Children usually lose their baby teeth in the same order the teeth came in. If a patient does not lose baby teeth within what is considered the normal time frame and order, there are several issues that can require orthodontic intervention. Crowding of teeth may occur if the baby teeth are lost too soon. If baby teeth fall out too late, the permanent teeth may come in crowded and also be crooked. If a permanent tooth comes in before a baby tooth is lost, it can create crowding. Although crowding isn’t an emergency, it is something that can affect the smile or bite of a child. If a child loses a tooth due to trauma or decay, early orthodontic treatment can include using a spacer to make sure that the permanent tooth comes in correctly.


While there are overbites that are hereditary, others are caused by malformed jaws. An overbite is a malocclusion and it occurs when the upper jaw is longer than the lower jaw. This is because of an underdeveloped lower jaw, or an overdeveloped upper jaw. Factors like thumb-sucking, tongue thrusts and prolonged bottle-feeding can result in overbites. Other habits like biting nails and chewing eraser-heads are also know to contribute to overbites.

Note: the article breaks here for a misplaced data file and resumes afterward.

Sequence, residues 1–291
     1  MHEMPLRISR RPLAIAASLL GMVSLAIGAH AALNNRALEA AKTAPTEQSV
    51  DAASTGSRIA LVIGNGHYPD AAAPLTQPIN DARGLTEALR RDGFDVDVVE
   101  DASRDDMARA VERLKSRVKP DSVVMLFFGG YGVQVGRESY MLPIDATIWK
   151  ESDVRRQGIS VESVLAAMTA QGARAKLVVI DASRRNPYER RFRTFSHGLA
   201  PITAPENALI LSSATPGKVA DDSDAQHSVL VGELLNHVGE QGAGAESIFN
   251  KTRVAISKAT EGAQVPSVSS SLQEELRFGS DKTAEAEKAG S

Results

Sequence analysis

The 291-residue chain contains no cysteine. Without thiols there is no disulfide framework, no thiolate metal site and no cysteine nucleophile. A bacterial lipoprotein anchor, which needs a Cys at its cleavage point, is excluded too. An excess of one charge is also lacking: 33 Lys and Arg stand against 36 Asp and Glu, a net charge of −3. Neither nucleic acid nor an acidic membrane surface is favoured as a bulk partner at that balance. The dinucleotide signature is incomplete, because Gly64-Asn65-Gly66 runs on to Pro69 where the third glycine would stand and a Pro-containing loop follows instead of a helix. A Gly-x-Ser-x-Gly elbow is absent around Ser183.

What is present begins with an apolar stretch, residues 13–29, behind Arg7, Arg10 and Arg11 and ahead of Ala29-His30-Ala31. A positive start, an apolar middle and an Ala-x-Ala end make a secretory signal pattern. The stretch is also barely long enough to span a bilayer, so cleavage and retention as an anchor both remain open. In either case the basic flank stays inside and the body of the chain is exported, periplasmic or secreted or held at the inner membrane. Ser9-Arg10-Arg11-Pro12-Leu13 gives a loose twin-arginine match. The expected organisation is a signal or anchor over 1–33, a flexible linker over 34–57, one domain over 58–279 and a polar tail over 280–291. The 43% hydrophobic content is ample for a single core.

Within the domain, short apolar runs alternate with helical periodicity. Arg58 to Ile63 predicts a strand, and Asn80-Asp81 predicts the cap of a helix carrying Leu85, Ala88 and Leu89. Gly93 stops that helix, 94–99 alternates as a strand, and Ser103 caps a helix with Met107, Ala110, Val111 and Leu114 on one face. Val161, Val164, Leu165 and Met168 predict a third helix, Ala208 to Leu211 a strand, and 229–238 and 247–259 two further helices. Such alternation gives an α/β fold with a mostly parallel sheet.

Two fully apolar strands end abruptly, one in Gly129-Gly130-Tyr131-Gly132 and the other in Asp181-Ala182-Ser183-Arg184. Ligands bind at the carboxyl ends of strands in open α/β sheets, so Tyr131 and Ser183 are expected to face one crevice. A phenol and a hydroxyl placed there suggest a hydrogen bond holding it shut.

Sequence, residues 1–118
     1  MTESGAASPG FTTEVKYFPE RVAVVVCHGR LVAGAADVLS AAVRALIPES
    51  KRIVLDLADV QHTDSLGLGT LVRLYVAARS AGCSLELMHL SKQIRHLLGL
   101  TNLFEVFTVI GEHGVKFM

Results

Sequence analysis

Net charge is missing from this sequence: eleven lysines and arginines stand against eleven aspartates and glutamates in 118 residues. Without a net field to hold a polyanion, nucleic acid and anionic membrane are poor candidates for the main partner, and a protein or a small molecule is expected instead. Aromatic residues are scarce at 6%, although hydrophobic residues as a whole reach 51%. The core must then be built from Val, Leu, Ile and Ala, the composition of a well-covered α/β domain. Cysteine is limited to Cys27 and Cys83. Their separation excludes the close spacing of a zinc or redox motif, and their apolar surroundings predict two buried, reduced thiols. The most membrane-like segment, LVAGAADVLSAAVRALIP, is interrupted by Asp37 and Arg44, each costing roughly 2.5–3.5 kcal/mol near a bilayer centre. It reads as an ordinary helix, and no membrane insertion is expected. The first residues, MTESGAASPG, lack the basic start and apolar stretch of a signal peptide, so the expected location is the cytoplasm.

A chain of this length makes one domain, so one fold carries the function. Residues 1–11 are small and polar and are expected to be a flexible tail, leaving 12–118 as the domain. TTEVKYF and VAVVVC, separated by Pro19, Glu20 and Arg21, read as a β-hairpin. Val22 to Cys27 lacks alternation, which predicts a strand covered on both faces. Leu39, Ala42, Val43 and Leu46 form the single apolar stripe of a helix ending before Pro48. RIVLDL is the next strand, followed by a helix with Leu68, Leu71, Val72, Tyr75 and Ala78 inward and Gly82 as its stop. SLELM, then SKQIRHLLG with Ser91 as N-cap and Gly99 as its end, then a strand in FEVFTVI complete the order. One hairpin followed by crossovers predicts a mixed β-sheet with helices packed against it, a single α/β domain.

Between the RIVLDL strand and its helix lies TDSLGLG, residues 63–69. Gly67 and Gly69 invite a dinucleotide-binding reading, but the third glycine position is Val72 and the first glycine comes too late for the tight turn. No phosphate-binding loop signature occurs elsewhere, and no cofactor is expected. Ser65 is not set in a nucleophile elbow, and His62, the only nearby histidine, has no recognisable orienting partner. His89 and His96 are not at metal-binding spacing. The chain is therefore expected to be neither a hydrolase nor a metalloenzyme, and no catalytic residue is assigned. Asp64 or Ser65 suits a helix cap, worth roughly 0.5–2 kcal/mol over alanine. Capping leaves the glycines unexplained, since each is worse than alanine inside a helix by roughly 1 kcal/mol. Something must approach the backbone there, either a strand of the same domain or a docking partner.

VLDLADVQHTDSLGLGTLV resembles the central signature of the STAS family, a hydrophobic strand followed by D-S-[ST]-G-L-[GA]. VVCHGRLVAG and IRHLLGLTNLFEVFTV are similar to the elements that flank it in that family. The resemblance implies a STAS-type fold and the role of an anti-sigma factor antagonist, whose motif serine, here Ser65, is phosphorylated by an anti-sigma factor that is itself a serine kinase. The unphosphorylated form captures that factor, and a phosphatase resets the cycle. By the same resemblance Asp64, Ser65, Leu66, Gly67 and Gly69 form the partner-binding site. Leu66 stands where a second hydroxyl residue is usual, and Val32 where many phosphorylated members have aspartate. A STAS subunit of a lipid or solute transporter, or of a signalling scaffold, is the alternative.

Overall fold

While not all patients with overbites have problems, some with severe cases might suffer from jaw pain, poor dental and oral health, sleep apnea and other breathing difficulties, speech issues and low self-esteem.


An underbite is a malocclusion in which the lower teeth overlap the upper teeth. This typically occurs when the lower jaw is longer than the upper jaw. The severity of an underbite can range from mild (where the two rows of teeth almost meet) to severe (where the teeth do not meet at all). The main cause of an underbite is a misalignment of the lower jaw. Some patients are born with it; others inherit it; while yet others may develop an underbite because of poor dental care and bad habits.

Underbites don’t always cause problems. However, even if your child doesn’t suffer from a speech impediment or sinus problems, they may be subject to teasing from other children. Early orthodontic treatment involves taking x-rays and a mold to determine the cause of the misplaced bite. Then, treatment is customized for each child.